News in brief: Exercise needs support in people with RA; Service delivers conservative management of OA; Evidence backs ‘grow your own’ rural medical workforce;

Exercise needs more support in people with RA

Physical activity is recommended by groups such as EULAR for all people with inflammatory arthritis, but new research shows that many people diagnosed with RA do not exercise or cut down on exercise when starting treatment.

Data from a cohort of 1468 people with early RA starting methotrexate showed that 28% were doing no exercise and 35% doing only low amounts of exercise at baseline. However, up to a quarter of participants who initially did some form of exercise reduced their physical activity in the first year and around 10% of participants stopped physical activity altogether. Increased disability and socioeconomic barriers predicted stopping physical activity, according to UK researchers, who said the findings showed the need to support starting and maintaining exercise. The study is published in Rheumatology.

Service delivers conservative management of OA

A knee and hip osteoarthritis service that promotes conservative approaches has proved successful in reducing pain and improving function for people with OA.

The Tweed Knee and Hip Arthritis Service (KAHAS) was set up in Northern NSW to advise OA patients not on an orthopaedic waiting list on how to conservatively manage their condition, offering standardised assessment, education, exercise, self-management strategies and regular review.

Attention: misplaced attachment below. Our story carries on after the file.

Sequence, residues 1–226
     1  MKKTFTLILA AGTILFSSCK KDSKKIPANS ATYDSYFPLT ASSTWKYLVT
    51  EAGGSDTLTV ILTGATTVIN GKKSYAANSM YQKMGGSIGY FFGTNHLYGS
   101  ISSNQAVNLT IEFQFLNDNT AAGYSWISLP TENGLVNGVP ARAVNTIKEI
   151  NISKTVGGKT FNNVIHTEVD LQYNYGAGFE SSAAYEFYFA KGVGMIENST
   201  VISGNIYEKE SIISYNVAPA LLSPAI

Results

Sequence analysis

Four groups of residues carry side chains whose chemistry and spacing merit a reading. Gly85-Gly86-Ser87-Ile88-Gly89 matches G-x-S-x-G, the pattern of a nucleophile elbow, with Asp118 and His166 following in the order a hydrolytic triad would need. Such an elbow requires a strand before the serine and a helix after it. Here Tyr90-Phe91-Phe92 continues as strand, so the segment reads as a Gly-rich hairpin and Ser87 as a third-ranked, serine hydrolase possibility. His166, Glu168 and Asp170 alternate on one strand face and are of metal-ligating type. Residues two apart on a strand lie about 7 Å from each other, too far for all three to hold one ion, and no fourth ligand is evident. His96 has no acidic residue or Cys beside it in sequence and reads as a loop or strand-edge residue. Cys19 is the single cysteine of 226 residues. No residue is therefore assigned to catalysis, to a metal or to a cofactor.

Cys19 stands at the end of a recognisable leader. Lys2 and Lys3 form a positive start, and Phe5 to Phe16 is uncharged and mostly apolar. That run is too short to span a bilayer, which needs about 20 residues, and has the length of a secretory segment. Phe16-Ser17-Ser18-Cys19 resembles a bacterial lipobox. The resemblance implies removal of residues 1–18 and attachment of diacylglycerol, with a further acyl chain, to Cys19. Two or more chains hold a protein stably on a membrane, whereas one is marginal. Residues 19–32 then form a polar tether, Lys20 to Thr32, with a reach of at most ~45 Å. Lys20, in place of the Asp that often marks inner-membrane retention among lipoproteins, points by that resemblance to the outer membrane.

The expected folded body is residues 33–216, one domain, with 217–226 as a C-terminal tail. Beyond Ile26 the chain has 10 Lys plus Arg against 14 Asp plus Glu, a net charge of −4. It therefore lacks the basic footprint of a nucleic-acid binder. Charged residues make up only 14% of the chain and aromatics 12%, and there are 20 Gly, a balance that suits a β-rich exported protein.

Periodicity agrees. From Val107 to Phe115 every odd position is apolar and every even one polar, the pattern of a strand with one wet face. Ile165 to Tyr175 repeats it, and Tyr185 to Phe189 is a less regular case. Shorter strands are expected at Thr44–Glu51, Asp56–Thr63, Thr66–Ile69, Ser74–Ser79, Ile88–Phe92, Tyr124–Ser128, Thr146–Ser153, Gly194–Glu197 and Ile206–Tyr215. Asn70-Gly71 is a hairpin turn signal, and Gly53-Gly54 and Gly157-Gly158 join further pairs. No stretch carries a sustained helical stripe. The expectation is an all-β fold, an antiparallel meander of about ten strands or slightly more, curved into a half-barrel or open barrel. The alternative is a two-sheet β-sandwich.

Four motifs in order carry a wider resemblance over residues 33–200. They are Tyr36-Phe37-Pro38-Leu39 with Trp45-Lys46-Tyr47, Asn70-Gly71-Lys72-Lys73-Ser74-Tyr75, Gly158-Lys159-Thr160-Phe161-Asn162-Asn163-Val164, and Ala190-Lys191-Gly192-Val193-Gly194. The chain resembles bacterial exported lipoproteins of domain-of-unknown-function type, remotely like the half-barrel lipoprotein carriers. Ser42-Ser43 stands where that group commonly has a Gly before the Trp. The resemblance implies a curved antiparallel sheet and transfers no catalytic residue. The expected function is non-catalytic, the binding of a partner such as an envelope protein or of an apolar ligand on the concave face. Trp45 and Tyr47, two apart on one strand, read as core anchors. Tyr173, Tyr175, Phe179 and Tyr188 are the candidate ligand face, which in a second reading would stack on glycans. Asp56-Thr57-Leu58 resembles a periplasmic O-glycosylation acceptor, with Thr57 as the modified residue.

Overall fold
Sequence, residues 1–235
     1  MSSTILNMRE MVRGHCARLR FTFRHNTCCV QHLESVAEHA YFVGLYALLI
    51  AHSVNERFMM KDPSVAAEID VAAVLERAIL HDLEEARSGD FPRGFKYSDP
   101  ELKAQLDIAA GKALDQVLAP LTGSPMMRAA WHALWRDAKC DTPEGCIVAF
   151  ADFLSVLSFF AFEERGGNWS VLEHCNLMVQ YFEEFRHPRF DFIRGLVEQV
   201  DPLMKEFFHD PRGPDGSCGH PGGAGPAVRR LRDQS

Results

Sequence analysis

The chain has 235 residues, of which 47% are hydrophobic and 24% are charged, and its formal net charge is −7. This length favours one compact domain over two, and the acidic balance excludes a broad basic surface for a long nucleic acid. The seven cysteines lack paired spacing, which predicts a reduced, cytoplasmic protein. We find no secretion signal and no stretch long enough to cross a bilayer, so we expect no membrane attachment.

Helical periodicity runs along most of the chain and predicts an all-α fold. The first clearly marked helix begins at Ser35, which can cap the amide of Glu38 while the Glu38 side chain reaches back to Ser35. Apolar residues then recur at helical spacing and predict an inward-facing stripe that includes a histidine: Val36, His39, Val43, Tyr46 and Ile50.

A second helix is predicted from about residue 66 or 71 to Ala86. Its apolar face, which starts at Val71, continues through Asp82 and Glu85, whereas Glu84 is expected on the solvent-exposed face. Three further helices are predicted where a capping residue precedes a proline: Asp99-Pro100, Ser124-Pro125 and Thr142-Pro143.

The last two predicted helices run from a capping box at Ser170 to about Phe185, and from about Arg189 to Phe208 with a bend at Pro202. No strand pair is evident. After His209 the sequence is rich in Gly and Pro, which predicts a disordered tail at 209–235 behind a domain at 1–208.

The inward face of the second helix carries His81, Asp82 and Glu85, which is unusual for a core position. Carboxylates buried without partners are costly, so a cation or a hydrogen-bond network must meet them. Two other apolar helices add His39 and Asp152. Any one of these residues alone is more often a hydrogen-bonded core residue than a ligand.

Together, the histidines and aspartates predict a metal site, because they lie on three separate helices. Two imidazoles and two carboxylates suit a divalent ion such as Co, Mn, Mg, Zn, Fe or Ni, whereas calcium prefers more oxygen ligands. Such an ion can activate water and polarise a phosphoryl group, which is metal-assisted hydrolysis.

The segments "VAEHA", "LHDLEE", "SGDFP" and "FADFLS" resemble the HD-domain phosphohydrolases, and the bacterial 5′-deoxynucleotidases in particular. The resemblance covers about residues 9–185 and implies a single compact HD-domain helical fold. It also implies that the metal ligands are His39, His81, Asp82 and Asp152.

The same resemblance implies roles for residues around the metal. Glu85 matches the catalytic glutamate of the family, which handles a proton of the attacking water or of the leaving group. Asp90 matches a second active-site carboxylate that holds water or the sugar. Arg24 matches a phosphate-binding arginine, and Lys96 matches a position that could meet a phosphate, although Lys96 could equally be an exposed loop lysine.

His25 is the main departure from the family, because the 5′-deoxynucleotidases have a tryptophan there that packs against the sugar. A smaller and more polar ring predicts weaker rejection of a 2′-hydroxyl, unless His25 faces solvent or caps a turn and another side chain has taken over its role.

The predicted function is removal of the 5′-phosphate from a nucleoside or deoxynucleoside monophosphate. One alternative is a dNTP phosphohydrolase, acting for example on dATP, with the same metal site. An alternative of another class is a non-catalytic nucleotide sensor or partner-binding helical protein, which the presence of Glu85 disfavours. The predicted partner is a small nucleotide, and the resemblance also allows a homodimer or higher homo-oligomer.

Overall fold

Local healthcare providers say an initial analysis has found that patients showed improvements in a suite of validated and standardised measures for pain and function, with improvements seen as early as one month, and sustained for six months. The findings are published in the Australian Journal of Primary Health.

Evidence backs ‘grow your own’ rural medical workforce

The first evidence has emerged to support a ‘grow your own’ rural workforce strategy of selecting doctors from and training them in specific rural regions that are underserviced by medical practitioners.

An analysis of data from more than 6627 doctors participating in the 2017 MABEL workforce survey showed that those who were selected and trained in a specific region of need were 17  more likely to continue working in the same rural region compared with doctors from cities and who spent only brief (< 12 week) duration in rural training.

The study also backed longer periods of rural training, showing that doctor were more than five times more likely to be retained in rural practice if they trained there for a year compared those who completed short periods of rural training.

“Reorienting medical training to selecting and training in specific rural regions where doctors are needed is likely to be an efficient means to correcting healthcare access inequalities,” the University of Queensland Rural Clinical School researchers said in the journal Human Resources for Health.



Already a member?

Login to keep reading.

Email me a login link

© 2022 the limbic